Meet Your Merchant: 50 years and going strong at Rogers Picture Framing
Rogers Picture Framing
Art gallery, art appraisal, art restoration, art sales
210 Spring St., Nevada City
By appointment only
What does a modern day Renaissance man look like? Chances are Allan Rogers just might be it. The Nevada City veteran of the Korean War is a trained butcher, accomplished painter, vocalist, art restorer and conservationist, gallery owner, community volunteer, clogger, appraiser, art dealer, picture framer and apparently one hell of a “gut bucket” player.
The name of his Nevada City store on Spring Street, “Rogers Picture Framing,” doesn’t begin to describe all that goes on inside the spacious shop, which is tucked away inside a historic 1870s Odd Fellows building.
“There’s a lot going on in here,” he said, with a sweep of his hand. “But these days we only operate by appointment only. I rarely advertise — all of my business is by word of mouth.”
When Rogers says “we,” he is referring to his wife Betty of nearly 60 years, and local artist friend Jim Lee who regularly comes in, “hangs out and helps with art restoration.”
The Rogers, both now in their eighties, were raising their family in the Mariana Islands of Micronesia when Rogers’ brother first opened Rogers Picture Framing off Highway 20 in 1965. Several years later, the Rogers — Allan and Betty — moved their family back to the States and the two brothers created a business partnership. Rogers became the sole owner in 1977. This year, the store will celebrate its 50th year in business.
Growing up, Rogers’ father had been a Sacramento painter with countless artist friends who were always in search of affordable frames. Young Rogers and his brother seized the opportunity and began salvaging wood from local burn yards and making frames to sell. It was a skill that would serve them well.
Years later, before the manufacturing of picture frames skyrocketed overseas, the Rogers brothers could barely keep up with the wholesale demand at their small shop.
“We’d load up the van full of frames and drive to San Francisco — we couldn’t sell enough,” said Rogers. “We had 17 employees at the peak. Then the overseas market took over. But that was OK — I didn’t really like being a boss to that many people. It was like herding cats.”
But the demand for meticulous custom framing has remained steady over the years — at least at Rogers Picture Framing. Nonetheless, early on Rogers was eager to expand his skills and studied art conservation at the University of California, at Davis. Many of his projects today include restoring art that has been damaged through fire or other natural disasters.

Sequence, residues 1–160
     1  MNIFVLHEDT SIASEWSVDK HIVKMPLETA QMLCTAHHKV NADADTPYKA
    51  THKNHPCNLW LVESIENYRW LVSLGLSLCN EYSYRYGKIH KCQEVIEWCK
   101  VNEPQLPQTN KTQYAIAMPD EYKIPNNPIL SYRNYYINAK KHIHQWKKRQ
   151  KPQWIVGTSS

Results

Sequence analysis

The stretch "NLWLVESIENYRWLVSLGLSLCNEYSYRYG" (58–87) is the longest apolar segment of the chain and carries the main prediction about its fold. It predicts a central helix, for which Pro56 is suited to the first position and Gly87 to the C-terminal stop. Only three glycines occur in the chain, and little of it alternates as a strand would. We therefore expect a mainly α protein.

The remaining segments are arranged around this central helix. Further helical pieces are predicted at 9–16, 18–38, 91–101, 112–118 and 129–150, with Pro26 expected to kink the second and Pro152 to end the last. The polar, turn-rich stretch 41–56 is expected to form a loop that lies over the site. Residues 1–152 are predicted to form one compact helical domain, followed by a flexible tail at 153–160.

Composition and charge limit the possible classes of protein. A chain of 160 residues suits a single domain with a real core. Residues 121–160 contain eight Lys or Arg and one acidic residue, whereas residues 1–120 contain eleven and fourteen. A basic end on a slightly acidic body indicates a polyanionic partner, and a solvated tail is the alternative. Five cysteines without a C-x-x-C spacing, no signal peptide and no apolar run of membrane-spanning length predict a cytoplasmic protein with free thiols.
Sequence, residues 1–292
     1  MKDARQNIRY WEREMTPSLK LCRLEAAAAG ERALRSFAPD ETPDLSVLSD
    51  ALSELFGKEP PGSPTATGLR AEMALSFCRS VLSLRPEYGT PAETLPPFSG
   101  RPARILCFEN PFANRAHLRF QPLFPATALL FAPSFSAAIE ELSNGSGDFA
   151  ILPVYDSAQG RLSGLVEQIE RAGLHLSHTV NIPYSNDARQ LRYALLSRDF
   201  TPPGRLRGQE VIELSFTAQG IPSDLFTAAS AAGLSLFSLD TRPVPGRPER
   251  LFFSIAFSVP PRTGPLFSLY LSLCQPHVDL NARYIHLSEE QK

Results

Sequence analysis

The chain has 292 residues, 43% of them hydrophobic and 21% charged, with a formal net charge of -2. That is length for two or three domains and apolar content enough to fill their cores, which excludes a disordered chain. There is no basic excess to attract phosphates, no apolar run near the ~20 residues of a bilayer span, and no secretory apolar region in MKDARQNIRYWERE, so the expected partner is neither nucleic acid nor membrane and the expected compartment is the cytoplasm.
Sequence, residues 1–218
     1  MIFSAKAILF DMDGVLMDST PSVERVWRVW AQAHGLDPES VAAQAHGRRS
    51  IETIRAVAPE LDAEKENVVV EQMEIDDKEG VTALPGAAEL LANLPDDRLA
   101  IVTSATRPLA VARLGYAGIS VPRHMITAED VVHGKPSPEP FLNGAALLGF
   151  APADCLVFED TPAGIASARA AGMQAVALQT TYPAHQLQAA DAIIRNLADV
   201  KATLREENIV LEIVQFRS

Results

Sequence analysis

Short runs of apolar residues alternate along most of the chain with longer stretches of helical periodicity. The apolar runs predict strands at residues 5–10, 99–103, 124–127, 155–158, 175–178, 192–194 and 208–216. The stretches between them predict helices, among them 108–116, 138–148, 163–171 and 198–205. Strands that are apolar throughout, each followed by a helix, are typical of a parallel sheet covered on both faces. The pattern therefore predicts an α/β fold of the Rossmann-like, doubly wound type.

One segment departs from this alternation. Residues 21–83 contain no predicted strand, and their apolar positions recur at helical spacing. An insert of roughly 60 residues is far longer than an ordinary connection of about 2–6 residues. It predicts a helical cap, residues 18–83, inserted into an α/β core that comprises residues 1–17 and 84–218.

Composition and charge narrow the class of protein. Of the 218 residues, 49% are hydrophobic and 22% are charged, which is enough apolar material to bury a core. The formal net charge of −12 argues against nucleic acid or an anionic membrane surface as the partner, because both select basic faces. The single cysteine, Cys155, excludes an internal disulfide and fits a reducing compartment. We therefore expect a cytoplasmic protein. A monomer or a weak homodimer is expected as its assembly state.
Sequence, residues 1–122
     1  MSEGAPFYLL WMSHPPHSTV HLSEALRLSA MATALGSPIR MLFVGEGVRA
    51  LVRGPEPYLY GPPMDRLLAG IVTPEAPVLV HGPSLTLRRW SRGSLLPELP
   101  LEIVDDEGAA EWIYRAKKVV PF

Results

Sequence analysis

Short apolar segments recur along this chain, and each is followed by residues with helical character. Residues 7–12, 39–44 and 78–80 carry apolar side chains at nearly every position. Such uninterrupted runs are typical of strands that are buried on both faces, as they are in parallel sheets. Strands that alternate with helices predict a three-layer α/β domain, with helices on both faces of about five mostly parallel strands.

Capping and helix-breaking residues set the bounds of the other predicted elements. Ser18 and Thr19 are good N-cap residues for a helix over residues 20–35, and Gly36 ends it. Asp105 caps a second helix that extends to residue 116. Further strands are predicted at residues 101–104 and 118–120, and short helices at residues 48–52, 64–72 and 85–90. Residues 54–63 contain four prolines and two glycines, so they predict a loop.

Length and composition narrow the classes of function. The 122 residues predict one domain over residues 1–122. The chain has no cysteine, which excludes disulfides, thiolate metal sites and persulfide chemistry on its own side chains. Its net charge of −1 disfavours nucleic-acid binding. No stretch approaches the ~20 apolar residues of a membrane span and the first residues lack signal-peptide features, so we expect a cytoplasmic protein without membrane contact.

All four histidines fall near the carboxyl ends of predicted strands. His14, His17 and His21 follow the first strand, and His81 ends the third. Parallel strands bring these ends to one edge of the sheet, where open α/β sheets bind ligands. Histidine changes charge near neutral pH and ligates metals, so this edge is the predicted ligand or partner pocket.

“Many of my customers prefer to remain private, but business has always been good because I’m affiliated with so many artists,” said Rogers. “They’re wonderful referrals for me and we have a shared passion. I love that every piece of art has a story, and we’ve added to that story.”
Rogers’ son, Jim, worked alongside his dad in the shop for many years, and built up his own clientele through refurbishing, caning and restoring furniture. An avid cyclist, Jim was tragically killed by a distracted driver in 2010 while riding his bike on Highway 174.
These days, Rogers focus is primarily on art restoration, custom framing, fine art appraising and serving as an art consultant. There is also a wide variety of artwork for sale at the store by numerous artists, mostly local. In addition, he has been very involved with the interior restoration and maintenance of the historic Independent Order of Odd Fellows building that houses his store.
Despite being in his eighties, Rogers says he has no intention of retiring.
“Allan will never stop working,” echoed his wife Betty, with a laugh. “I know he’ll just be standing there working in the shop one day and just keel over.”
“I am so proud that this business has survived these 50 years,” said Rogers. “I am so grateful for the support of family and friends, not just monetarily. Fortunately I’ve never had a corporation telling me what to do. I just love my customers — and my wife.”
To contact Staff Writer Cory Fisher, email her at Cory@theunion.com.
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